Other opponents of cycling and bike infrastructure call on seemingly contradictory stereotypes to argue the same misguided case — claiming, for example, that introducing bike lanes lowers property values and threatens public safety by bringing “undesirables” into a neighborhood. These detractors ignore the fact that, in actuality, the restaurant meals they order at dinnertime arrive on the backs of cyclists who would benefit from the safety of the same bike lanes the diners reject.
So long as we refuse to envision ourselves ever riding or needing a bike, empathy for cyclists will suffer. Bill Rodgers, who won the first three New York City Marathons to be run out on city streets in 1977, ’78, and ’79, pointed out how important it was to get runners out of Central Park and onto the street to show the public that, rather than a rarefied pastime, running was universal. If only for a single day, Rodgers said, running could take center stage throughout the city.
The Tour de Bronx might prove to be the single day that universalizes cycling, not only for habitual urban cyclists, but for all who travel the streets. Each fall, thousands come out to ride 25- and 40-mile courses across the Bronx, in what is reportedly the largest free mass-cycling event in New York State. Unlike the spring Five Boro Bike Tour and the fall T.A. Century, the Tour de Bronx is within reach of absolutely anyone who wants to come out and pedal the streets. As part of Vision Zero, the city’s Department of Transportation even hands out free bike helmets before the ride.
This October, we rode in the Tour alongside 7,000 other cyclists, ranging from lycra-clad road-bikers and leather-jacketed custom cyclists, to youths on first bikes, messengers on day-off fixies, artists on reinvented frames, GoPro-sporting documentarians-on-wheels, acrobats on three-foot diameter unicycles, coworker groups and weekend hobbyist clubs on matching set-ups, and even the Borough President on a hybrid. Here, visible to all on the street, riders of all vocations, incomes, ethnicities, origins, languages, orientations, personalities, ages, and places of residence, on everything from featherweight carbon frames to lovingly restored and ornamented vintage cycles, and nearly every variant of pedal-powered wheeled contraption imaginable, converse congenially and share the road.
Since most roads along the Tour de Bronx route remain open to traffic, we saw a reversed dynamic emerge between cars and bikes from time to time. So many cyclists rode together along some stretches that lone drivers might be swarmed by the pedal-powered pack. The cars seemed lost amid the bikes, as if having taken a wrong turn somewhere — much like when a bike lane falls away and a cyclist finds herself in the middle of a divided highway, engulfed by speeding cars.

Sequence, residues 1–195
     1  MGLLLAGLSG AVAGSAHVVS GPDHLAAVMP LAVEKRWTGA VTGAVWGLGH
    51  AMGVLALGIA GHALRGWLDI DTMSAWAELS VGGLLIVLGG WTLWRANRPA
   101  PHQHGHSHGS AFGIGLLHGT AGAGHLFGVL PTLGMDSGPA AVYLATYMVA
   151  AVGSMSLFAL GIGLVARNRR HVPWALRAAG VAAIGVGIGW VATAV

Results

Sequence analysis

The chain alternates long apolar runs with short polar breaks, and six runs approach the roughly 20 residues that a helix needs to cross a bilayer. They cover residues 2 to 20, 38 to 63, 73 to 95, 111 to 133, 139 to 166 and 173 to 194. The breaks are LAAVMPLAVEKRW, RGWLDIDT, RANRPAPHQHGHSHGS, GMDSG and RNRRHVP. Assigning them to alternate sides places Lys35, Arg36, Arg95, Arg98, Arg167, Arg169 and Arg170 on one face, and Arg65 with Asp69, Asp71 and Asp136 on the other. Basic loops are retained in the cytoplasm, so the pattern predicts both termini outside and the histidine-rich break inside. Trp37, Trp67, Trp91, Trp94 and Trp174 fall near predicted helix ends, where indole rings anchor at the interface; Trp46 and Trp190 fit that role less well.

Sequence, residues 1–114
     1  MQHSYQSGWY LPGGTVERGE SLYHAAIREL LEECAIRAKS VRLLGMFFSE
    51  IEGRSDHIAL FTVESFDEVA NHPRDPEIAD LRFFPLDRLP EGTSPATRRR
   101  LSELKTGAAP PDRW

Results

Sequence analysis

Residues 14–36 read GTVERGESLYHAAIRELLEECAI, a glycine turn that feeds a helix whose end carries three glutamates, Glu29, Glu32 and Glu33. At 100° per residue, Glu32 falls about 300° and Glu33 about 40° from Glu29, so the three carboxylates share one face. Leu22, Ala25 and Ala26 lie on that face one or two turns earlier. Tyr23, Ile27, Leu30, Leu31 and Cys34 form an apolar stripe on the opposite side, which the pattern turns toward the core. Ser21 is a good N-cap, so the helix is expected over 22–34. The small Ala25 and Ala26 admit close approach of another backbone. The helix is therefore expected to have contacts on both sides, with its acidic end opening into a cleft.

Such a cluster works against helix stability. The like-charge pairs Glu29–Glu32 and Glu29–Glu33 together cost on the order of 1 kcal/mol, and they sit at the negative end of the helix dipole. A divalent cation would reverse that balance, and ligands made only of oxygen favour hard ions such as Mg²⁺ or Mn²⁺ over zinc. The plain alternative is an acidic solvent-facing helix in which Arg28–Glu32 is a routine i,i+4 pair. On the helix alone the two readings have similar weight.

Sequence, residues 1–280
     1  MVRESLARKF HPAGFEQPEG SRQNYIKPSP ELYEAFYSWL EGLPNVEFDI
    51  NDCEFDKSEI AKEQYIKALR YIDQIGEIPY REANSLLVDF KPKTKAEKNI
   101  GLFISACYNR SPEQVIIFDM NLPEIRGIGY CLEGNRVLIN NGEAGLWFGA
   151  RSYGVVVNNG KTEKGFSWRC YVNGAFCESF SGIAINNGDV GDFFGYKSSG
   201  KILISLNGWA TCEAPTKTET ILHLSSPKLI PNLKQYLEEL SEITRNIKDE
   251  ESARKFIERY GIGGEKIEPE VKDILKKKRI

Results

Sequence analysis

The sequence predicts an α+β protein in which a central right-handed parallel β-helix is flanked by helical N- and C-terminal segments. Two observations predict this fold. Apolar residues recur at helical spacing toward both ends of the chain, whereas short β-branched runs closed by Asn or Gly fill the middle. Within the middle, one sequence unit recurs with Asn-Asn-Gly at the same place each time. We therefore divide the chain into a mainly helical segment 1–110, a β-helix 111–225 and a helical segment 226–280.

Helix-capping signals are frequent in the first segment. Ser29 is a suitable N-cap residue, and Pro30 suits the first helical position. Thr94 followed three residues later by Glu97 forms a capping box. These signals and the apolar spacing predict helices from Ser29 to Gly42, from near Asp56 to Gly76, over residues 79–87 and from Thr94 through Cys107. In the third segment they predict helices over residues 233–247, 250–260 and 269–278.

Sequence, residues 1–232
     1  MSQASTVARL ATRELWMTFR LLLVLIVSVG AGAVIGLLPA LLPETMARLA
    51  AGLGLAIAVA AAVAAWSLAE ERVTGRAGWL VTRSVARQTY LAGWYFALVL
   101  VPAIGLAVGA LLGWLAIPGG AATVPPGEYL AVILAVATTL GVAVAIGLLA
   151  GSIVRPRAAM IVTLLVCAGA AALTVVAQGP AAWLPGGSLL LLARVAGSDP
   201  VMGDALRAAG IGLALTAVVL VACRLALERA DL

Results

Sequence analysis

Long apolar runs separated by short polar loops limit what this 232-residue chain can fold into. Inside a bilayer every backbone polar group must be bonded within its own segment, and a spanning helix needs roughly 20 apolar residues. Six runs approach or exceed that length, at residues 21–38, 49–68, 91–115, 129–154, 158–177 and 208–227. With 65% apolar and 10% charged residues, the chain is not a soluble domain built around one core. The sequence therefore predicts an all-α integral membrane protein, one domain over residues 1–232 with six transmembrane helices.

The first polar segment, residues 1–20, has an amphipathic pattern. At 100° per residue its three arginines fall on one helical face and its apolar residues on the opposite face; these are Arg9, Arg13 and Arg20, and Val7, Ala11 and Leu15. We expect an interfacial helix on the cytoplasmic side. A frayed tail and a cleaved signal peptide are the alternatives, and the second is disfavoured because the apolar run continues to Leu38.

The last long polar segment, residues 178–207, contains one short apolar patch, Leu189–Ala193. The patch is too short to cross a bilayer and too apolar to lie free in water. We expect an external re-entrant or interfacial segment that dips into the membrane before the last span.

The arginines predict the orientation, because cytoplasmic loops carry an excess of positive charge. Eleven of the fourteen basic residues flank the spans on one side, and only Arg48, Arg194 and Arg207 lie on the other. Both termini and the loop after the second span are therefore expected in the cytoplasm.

Meanwhile, traveling in a pack, the bikes became a convoy that protected and escorted the cars safely along. In this upside-down moment, drivers and cyclists experienced a simultaneous, mutual empathy: drivers imagined the precarious solitude of the cyclist in rush-hour traffic, while cyclists unexpectedly felt the comfort and power to preside over the roadway and shape circulation.
In this instant, visions of the future flashed before us. We saw a day when bicycle traffic would flood boulevards and highways, while lone cars would navigate green lanes as afterthoughts along narrow shoulders. Then we imagined balance on the road, where those on four wheels would drive like the cyclists we were that day: vigilant, connected, reading the patterns, engaged and ever ready to shepherd others along the way.
An urbanism of empathy suggests that each person isn’t just out for herself, but reads and guides the patterns of the road as a whole, embracing a broader perspective. As a teenager, Frederick Law Olmsted was rendered temporarily blind by sumac poisoning, halting his studies and abruptly upsetting the order of his life. Perhaps this early trial bestowed Olmsted with an enhanced empathetic perspective; he envisioned Central Park as a space where personal experiences could unfold freely in coexistence with others. On the road, our interdependence can help us to resist detachment, and open us up to a shared vision of the city.